Compressive Stress Relaxation (CSR) is a means of estimating the service life of a rubber seal over an extended period of time. As such, it can be thought of as the big brother of compression set testing. Rather than measuring the permanent loss of thickness of a compressed rubber specimen as is done in the compression set, CSR testing directly measures the load force generated by a compressed specimen and how it drops over time. In part 1 of our blog series, we will explore the theory of CSR testing, common test methods, and how CSR differs from compression set testing.
To understand the value of CSR testing and how it differs from compression set testing, it is helpful to return to the basic theory of how a rubber seal functions. In a standard compressed seal design, a rubber seal is deformed between two parallel surfaces to roughly 75% of its original thickness. Because the material is elastic in nature, the seal pushes back against the mating surfaces, and this contact force prevents fluid flow past the seal, thus achieving a leak-free joint. Over time, the material will slowly (or perhaps not so slowly) relax. The amount of force with which the seal pushes against the mating surfaces will drop, and the seal will become permanently deformed into the compressed shape. In compression set testing, the residual thickness of the specimen is measured, and it is assumed that this residual thickness is valid proxy for the amount of residual load force generated by the compressed seal. In CSR testing, the residual load force is measured directly.
In practice, CSR results are typically presented very differently from compression set results. In CSR testing, it is common to see multiple time intervals over a long period of time (3,000 hours or more of testing), thus allowing a curve to be created (see Figure 1). In practice, however, specifications are written such that only the final data point has pass/fail limits. In compression set testing, it is common to see a single data point requirement with a single pass/fail limit. Multiple compression set tests can be performed to create a curve, but this is almost always done for research purposes rather than for specification requirements. In most cases, compounds that excel in compression set resistance also demonstrate good retention of compressive load force over time. However, there are exceptions.
Figure 1: Typical CSR curve.
These results display a fluorocarbon seal material immersed in engine oil at 150°C.
CSR testing can be quite complicated, and caution is needed when comparing reports to ensure a valid apples-to-apples comparison can be made. As with the compression set, CSR testing can be performed in air or immersed in a fluid. Because most seal materials will oxidize in the presence of hot air, the results for CSR in the air can be strikingly different (worse) than the results for CSR in a fluid at the same temperature. In addition to time and temperature, the sample size (usually a button 12.7 mm in diameter and 6.35 mm thick) and amount of compression (typically 25%) must be the same to make a valid comparison.
There are multiple test procedures and fixture designs within the CSR test world that also have a significant impact on results. Numerous fixture designs exist, all of which produce different results. Regardless of Hornig’s1 conclusions regarding his preferred fixture, in practice, most CSR data for elastomer seal materials are gathered with a “Dyneon-modified Wykeham-Farrance” jig (see image).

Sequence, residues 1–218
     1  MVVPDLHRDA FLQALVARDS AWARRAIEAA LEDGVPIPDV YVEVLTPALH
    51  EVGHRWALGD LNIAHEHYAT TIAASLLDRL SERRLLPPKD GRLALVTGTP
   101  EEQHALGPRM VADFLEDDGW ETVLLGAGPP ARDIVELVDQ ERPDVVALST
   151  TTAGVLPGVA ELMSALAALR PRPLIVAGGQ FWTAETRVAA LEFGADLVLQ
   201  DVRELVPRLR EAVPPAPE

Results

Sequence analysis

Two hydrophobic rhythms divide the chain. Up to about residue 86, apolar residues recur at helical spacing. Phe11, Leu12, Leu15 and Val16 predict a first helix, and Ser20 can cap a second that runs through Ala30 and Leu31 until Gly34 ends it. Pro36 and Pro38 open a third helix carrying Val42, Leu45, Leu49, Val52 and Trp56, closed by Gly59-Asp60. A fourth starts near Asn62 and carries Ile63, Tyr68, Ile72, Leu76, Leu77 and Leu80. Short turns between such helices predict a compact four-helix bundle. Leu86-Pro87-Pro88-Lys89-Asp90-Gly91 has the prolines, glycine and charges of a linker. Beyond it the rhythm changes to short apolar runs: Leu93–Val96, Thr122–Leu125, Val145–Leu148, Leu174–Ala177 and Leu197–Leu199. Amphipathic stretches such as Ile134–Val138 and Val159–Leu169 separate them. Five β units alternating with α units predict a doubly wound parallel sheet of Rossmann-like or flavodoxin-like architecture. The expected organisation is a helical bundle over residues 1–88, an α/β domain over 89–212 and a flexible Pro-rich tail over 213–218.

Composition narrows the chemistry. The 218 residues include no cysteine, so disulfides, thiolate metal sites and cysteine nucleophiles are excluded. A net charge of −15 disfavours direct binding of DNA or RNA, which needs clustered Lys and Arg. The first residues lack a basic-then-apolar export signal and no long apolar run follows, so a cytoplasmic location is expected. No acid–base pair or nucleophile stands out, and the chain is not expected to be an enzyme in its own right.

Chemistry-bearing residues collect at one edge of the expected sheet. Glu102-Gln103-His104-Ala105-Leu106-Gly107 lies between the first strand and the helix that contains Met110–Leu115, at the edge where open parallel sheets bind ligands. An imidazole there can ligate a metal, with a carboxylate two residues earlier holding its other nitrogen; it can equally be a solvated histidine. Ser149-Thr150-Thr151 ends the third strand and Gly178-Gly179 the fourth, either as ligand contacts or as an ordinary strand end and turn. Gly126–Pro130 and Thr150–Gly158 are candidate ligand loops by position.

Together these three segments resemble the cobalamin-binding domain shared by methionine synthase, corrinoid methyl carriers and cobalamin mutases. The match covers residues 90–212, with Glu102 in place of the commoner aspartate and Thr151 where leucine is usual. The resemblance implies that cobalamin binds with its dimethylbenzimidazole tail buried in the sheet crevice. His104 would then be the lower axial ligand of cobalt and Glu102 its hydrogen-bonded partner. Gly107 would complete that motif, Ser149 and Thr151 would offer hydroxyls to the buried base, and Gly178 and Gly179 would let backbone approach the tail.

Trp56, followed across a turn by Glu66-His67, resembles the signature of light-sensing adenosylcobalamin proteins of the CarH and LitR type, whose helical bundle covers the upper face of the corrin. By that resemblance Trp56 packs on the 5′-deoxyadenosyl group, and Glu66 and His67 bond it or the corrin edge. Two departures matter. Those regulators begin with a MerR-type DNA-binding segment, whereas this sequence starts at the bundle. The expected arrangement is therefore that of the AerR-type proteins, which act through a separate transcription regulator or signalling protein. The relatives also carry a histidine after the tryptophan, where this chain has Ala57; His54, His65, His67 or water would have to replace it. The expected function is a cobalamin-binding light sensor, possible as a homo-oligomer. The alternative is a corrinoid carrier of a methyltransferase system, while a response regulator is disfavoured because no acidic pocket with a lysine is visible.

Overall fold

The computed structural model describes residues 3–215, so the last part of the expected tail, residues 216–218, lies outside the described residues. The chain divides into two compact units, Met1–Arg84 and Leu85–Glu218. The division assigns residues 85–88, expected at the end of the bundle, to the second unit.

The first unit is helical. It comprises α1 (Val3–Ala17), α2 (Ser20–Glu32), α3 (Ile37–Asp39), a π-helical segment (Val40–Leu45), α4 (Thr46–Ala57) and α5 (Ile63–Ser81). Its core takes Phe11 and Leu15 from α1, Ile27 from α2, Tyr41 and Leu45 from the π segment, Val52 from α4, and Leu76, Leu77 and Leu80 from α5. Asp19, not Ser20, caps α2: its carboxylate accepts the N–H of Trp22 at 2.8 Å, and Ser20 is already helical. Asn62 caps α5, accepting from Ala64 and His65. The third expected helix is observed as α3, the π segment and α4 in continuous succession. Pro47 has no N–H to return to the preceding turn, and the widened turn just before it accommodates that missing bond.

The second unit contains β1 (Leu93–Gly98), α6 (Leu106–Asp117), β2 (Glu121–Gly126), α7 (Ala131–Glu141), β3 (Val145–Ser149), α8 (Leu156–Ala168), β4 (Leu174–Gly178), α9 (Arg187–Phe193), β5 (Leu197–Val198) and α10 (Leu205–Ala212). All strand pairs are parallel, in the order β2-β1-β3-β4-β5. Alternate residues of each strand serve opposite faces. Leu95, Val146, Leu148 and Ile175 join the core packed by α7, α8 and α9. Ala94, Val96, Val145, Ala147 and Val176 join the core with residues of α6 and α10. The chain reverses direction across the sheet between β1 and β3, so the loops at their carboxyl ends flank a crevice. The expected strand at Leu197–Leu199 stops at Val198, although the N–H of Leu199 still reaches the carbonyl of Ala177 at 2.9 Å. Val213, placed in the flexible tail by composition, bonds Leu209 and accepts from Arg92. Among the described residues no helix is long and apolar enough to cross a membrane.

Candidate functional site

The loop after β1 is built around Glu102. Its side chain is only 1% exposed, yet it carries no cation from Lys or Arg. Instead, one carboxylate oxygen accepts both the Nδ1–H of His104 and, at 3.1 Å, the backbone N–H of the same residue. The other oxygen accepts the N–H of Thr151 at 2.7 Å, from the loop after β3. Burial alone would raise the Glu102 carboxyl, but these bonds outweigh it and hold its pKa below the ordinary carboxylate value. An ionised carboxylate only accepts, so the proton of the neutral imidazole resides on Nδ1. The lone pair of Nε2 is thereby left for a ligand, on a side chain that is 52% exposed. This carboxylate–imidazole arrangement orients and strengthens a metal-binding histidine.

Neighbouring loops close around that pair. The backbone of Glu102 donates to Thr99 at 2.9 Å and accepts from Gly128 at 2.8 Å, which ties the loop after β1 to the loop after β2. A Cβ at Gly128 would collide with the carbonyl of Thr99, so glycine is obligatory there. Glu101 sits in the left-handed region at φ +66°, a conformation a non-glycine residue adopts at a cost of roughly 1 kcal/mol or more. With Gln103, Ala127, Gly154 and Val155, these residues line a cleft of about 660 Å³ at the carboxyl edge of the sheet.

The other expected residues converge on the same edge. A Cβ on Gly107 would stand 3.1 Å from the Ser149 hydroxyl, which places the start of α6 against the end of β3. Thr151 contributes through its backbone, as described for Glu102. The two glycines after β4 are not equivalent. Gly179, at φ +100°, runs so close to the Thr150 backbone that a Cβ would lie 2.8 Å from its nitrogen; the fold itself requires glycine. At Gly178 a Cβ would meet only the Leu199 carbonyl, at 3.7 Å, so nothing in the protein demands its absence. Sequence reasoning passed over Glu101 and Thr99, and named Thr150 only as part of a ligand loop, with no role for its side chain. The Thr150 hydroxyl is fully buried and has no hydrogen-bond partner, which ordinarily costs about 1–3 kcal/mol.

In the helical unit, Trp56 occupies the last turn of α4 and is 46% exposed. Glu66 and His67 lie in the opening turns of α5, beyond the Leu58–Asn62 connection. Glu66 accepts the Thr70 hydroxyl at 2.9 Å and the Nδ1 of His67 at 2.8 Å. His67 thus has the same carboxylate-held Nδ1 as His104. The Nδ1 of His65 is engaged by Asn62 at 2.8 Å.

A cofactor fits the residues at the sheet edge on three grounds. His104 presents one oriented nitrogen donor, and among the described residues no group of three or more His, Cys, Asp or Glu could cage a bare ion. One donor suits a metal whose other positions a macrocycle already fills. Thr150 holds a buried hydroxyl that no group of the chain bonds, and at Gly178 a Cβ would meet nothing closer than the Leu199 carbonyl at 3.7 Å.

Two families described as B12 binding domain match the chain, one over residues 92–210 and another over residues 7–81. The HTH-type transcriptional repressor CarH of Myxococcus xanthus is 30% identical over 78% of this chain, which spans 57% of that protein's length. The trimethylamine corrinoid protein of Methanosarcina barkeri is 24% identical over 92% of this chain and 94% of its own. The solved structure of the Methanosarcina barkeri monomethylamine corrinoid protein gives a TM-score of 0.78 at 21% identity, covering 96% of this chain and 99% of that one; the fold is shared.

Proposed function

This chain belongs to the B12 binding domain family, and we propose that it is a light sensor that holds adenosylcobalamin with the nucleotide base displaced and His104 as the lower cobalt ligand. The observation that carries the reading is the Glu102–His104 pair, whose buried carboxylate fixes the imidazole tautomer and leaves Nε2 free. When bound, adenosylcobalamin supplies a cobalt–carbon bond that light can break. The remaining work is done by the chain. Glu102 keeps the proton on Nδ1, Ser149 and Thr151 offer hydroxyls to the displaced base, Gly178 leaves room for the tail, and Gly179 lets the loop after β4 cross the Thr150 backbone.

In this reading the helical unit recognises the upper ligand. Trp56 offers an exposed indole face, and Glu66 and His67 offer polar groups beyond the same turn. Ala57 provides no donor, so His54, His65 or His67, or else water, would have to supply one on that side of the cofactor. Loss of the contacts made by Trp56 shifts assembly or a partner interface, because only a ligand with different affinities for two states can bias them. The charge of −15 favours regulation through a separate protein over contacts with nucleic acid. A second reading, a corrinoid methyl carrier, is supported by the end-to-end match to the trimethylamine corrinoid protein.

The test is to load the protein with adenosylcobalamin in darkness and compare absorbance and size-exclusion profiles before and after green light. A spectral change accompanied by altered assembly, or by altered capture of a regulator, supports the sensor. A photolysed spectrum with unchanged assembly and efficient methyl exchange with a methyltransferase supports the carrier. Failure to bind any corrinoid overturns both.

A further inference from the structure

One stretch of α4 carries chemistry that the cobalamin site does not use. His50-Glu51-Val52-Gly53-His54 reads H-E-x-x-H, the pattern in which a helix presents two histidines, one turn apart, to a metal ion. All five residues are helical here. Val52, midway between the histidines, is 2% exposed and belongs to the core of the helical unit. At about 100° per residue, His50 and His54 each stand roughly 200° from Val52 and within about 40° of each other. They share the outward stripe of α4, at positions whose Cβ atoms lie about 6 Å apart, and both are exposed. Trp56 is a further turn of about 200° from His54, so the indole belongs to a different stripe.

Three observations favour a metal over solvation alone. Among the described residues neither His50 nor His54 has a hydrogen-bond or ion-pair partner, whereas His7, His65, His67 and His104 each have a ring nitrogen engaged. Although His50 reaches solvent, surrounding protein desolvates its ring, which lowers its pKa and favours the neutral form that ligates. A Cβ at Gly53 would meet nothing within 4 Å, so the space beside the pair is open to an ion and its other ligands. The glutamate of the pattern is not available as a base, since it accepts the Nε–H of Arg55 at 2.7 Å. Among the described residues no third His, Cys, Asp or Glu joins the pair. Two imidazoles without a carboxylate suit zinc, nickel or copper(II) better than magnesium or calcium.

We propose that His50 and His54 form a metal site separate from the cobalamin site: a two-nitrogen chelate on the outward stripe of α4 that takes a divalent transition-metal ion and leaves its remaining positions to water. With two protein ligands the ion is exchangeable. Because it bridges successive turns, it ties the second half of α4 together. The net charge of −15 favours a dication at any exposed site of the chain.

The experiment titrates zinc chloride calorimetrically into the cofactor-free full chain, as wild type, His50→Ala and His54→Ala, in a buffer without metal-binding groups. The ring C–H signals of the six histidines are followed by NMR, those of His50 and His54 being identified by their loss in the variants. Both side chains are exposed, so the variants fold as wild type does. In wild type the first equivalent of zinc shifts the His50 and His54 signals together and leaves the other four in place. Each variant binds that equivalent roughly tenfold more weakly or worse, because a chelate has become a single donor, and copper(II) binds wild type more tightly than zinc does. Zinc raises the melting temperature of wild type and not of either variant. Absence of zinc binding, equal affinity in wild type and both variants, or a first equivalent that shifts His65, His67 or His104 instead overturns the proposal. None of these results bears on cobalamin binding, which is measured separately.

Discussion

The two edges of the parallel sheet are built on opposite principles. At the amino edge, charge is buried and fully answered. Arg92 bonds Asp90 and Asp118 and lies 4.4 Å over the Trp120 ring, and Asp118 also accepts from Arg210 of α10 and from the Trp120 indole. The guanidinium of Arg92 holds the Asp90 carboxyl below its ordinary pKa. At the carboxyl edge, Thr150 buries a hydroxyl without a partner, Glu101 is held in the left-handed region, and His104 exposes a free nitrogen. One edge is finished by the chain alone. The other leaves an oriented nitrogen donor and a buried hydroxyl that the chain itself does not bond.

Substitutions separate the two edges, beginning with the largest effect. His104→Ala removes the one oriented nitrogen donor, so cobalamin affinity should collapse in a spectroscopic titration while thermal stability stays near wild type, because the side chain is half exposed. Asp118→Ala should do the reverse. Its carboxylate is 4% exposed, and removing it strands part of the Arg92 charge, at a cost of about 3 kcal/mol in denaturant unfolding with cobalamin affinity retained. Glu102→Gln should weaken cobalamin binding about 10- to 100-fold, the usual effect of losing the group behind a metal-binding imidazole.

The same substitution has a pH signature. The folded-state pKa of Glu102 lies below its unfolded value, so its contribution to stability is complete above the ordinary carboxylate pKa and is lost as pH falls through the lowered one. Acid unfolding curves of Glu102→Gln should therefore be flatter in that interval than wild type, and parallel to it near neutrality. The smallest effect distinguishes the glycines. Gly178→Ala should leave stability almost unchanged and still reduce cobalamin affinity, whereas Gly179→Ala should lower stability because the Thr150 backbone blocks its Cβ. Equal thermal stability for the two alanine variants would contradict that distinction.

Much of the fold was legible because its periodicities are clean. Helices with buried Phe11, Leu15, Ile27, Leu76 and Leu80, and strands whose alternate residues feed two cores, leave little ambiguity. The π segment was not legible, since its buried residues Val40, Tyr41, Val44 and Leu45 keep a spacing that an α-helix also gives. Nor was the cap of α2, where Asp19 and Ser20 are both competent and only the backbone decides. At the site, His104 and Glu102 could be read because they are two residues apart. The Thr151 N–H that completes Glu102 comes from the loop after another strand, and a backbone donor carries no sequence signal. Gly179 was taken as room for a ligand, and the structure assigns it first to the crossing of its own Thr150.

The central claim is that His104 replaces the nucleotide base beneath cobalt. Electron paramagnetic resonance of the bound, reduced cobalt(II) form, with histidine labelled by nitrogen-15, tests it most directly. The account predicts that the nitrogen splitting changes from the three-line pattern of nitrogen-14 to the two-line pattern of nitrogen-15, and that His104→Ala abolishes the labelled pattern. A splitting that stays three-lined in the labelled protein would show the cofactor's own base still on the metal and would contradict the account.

Finally, CSR force measurements can be made intermittently at discreet time points using a standalone compressive load cell or continuously using a dedicated CSR testing device that incorporates a load cell for each test fixture and one or more integrated environmental chambers. With the intermittent test method, fixtures are removed from the oven and/or oil bath, allowed to cool to room temperature (23°C), manually tested on a compressive load cell, and returned to the oven for additional aging. Continuous testing does not involve repeated thermal cycling, which contributes to accelerated relaxation and worse results. As a result, intermittent CSR generally appears worse than continuous CSR for the same material under the same conditions. In addition, continuous CSR data points are gathered at the test temperature rather than at room temperature. Gathering load force data at elevated temperatures results in a higher measured load force; when compared to an initial load force data point taken at room temperature, as some procedures require. This can result in a counterintuitive situation whereby it appears that material initially improves with thermal aging. (See Figure 2.) If this is observed, it should be considered an artifact of the difference in test temperature. When comparing CSR results, it is absolutely essential to confirm that the same test method and fixture were used for both tests.
Watch for part 2 of this series, where we will explore some of the powerful insights that can be gleaned through CSR curve interpretation. For more information or assistance with your sealing challenges, contact our applications team at firstname.lastname@example.org or chat with us online at the Parker O-Ring & Engineered Seals Division website.
1. Hornig, R. Comparison of various CSR methods regarding the static long-term sealing behaviour of AEM, ACM and HNBR compounds, International Polymer Science and Technology, 37, No. 4, 2009.